In crypto, only a few trust?
Maybe not — not, at least, with a hefty amount of regulatory oversight.
In a hearing titled “Examining Regulatory Frameworks for Digital Currencies and Blockchain,” the United States Senate Banking Committee heard from industry participants and analysts, with a common refrain that potential and risk are in the offing, and new regulations are needed.
The Tuesday hearing, of course, comes in the wake of an examination earlier this month by the Senate Banking Committee of Libra, the proposed digital currency in the works from Facebook and a host of other companies through a consortium model.
In remarks Tuesday (July 30), Sen. Sherrod Brown of Ohio said that efforts such as those from Facebook on Libra, are risky. Facebook, he said, has proved that it “cannot be trusted. They break things like … political discourse … relationships and privacy. Now they want to break our currencies and payment systems, while hiding behind the phrase ‘innovation.'”
Jeremy Allaire, co-founder and CEO of payments company Circle, testifying on behalf of the CENTRE Consortium, said that the current banking system is vulnerable to money laundering, where according to his testimony as much as 99 percent of money laundering is undetected.
The problem is significant, he noted, where per stats from the UN Office of Drugs and Crime, the amount laundered through the global financial systems exceeds $2 trillion, with $300 billion laundered in the United States.
“Only detecting 1 percent of financial crimes is not enough,” he told the panel.
He said that access to capital is limited for smaller firms, and further issues with the existing financial system come through privacy violations and data breaches due to the vulnerabilities of legacy technology.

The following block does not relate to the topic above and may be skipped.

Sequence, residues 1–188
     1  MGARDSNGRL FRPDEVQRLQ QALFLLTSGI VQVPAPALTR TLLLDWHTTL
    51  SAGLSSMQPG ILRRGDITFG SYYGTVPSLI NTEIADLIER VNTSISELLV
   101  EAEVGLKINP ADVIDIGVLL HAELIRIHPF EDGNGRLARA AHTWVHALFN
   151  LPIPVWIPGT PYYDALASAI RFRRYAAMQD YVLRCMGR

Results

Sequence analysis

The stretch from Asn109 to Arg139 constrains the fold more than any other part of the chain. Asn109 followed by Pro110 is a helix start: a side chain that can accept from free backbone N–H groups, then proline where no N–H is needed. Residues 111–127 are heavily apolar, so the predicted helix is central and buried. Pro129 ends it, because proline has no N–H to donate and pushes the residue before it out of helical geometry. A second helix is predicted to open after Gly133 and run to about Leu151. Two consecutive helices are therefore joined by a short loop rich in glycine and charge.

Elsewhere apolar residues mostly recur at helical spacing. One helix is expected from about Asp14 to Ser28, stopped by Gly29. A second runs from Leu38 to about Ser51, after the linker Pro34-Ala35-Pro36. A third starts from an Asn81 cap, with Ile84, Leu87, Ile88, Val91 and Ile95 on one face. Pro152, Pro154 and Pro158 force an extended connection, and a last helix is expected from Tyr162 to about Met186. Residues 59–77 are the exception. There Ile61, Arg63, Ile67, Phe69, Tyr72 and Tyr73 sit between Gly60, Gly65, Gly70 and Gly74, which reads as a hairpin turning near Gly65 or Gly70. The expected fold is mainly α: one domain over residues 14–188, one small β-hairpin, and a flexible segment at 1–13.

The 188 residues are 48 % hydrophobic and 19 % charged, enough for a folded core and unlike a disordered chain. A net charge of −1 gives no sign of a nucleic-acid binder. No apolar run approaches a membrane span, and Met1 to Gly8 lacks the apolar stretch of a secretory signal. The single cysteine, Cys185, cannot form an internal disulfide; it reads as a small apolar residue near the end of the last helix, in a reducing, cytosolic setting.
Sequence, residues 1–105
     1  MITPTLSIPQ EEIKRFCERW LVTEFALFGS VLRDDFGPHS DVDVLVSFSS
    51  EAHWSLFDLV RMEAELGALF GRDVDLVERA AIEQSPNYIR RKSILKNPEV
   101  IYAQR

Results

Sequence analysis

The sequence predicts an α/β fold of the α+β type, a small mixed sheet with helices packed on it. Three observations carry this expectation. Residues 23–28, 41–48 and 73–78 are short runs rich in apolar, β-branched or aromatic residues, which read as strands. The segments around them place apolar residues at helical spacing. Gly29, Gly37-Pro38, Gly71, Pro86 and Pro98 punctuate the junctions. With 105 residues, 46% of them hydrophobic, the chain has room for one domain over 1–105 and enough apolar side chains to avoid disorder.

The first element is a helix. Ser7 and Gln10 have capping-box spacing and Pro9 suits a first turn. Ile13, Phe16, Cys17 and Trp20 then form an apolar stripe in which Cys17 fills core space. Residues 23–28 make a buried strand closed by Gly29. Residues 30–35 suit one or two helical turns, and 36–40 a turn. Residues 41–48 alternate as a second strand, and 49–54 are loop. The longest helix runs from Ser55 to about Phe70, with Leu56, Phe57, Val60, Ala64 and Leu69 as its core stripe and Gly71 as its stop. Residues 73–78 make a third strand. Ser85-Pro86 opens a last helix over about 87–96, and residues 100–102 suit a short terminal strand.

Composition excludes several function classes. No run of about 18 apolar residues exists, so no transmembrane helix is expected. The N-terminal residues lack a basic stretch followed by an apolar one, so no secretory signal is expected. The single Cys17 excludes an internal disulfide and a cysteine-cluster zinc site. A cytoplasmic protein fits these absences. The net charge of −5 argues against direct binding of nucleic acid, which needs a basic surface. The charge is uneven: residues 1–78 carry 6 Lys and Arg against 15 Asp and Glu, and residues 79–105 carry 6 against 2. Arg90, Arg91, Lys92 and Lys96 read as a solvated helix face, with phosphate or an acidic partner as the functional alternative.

“Our identities are no longer secure,” he said, and the cost of data breaches could reach into the trillions of dollars.
With the adoption of digital assets and blockchain, he contended, know your customer (KYC) requirements would be satisfied and data leakage would be reduced.
“We will become comfortable with the adoption of a mix of private and public monies being available to everyone, everywhere, and will see the rapid development of global basket currencies that become preferred for settlements and storing value,” he said, according to testimony.
And with a nod to Libra, he said that upon the founding of Circle, “we believed that a digital currency based on existing fiat currency would emerge,” and he said that where Libra seeks to establish a new currency and unit of account, reserve currencies can work effectively as digital currencies — stating that stablecoins are “critical building blocks” for the digital economy.
Others seemed less sanguine on the risks tied to cryptos, and pointed to the need for new regulations.
In separate remarks, Rebecca M. Nelson, specialist in international trade and finance with the Congressional Research Service, said “large-scale adoption of digital currencies could have a range of policy implications for the United States, including financial stability, consumer protections, AML/CFT, privacy considerations, and sanctions policy, among others.”
And in her own remarks, Prof. Mehrsa Baradaran of the University of California, Irvine School of Law, said that “there are inequalities and problems in the U.S. banking system and they must be fixed, but they must be fixed through democratic means. Cryptocurrencies want to take over where our public institutions have failed.” She noted that thus far no cryptocurrencies have reached the scale to become systemic threats, “but if their ambitions are believed, they will,” she told the committee, “and we have regulators for that.”
In questions and answers between lawmakers and the panelists, Sen. Mike Crapo of Idaho, chairman of the committee, asked Allaire how an effective regulatory framework might be developed while acknowledging the differences among digital asset and blockchain projects.
Allaire stated that there are over 2,300 digital assets available publicly, and said that new commodity monies need to regulated. “Regulations around the custody of digital assets is a really critical need,” he said.
In reference to the unbanked populations, Baradaran took issue with the idea that financial inclusion would be a hallmark of cryptos, asking “how does any digital based currency help when people are operating in cash?”